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Australia’s renewable energy jobs – recruitment thoughts


A lot of the discussion I’m seeing in the renewables space, defending the RET, has been focusing around job creation. The Clean Energy Council, in their Sep 2014 briefing paper, estimates that any cut to the RET puts around 21,000 jobs at risk.

I spoke to Michael Green briefly this morning, from the Bradman Recruitment Group about renewables jobs in Australia to unpack this issue a little bit more.

The RET has, he says, been quite vital to the establishment of the industry from a jobs perspective. Since Abbott’s government started making noise about the review of the RET, investment in the industry effectively froze, as did recruitment. Business is starting to pick up again. The small scale sector hasn’t been affected, but solar utility scale jobs have been badly affected. Wind not so much.

While RET may have been the trigger for initial growth in this sector, there are other market supporters at the moment, including progress and increasing interest in storage systems and technologies.

What’s important to recognise is that there are jobs created that are not directly attributable to renewable energy, but that these come about through the development of a new sector, such as financial positions. These indirect jobs are harder to quantify, but they are nonetheless buoyed up by a thriving renewables industry.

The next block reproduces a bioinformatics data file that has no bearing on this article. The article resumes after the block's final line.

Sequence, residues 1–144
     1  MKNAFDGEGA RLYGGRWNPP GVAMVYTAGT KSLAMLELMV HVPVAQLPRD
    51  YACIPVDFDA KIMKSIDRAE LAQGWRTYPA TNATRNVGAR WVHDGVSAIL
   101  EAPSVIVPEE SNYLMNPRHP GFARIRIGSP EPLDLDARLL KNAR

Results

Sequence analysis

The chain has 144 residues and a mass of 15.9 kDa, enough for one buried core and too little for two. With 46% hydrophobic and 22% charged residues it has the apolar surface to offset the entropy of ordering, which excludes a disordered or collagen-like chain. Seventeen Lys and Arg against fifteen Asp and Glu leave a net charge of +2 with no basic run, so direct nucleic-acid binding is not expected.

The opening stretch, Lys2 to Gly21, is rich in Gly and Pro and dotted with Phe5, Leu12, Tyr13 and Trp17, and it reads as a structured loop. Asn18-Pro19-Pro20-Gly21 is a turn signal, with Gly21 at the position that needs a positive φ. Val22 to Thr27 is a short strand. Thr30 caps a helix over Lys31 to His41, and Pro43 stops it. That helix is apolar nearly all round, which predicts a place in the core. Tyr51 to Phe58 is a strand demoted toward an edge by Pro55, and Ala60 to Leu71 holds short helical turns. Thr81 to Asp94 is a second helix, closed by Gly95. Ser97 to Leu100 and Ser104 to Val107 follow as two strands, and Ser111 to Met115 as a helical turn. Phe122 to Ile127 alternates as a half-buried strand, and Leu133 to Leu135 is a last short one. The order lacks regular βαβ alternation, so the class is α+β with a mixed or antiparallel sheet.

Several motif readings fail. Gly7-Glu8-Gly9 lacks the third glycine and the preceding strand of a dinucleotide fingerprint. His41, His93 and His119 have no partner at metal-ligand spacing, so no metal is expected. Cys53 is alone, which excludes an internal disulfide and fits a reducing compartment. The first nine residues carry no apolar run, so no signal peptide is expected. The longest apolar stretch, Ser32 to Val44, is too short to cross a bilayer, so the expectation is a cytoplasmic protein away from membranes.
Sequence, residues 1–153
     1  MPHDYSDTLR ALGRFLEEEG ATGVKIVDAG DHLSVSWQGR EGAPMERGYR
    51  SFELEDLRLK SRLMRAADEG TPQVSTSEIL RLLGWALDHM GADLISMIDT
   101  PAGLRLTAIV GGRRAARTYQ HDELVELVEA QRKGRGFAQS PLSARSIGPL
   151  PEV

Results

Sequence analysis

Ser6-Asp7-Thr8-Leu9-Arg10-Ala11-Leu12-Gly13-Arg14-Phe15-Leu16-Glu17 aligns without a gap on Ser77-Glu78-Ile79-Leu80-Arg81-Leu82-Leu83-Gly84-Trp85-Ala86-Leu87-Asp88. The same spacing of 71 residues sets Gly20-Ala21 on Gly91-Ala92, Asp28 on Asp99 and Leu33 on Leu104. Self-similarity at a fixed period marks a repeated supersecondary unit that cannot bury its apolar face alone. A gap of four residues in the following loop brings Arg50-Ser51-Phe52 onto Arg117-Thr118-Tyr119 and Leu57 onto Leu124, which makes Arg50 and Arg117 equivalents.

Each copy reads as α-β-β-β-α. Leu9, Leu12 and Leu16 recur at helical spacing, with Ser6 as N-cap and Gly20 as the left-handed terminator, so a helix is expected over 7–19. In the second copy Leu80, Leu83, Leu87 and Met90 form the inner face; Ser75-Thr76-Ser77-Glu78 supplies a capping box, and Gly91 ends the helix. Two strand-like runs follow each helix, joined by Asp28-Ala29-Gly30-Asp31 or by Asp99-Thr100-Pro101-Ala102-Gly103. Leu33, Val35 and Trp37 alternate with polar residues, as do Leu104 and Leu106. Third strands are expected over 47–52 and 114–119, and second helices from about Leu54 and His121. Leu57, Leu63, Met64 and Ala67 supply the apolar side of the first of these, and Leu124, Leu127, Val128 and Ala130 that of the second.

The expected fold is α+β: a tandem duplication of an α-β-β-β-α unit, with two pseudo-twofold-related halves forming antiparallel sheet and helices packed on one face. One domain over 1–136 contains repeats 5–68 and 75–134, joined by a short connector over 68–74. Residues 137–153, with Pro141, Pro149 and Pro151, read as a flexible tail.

I mentioned that in South Africa there’s a lot of interest from people in moving from existing sectors (say those working on typical infrastructure projects) into renewables, as it is a vibrant, young and ‘feel-good’ sector, and he agreed that this is also present in Australia. It has, however, been thwarted by unstable messages and plans from government, and he himself has previously cautioned people choosing to enter the field. Now, he feels, there is a bit more stability for people wishing to start a career in renewables. This links with the concern that Muriel Watt expressed when I met with her.

Michael also mentioned that international pressure has a role to play in Australia’s energy future, and the recent messages coming from the Pope regarding climate change could lead to some interesting discussions – particularly given that Abbott is catholic.  An internal conundrum there?

Thank you to Michael for your time this morning.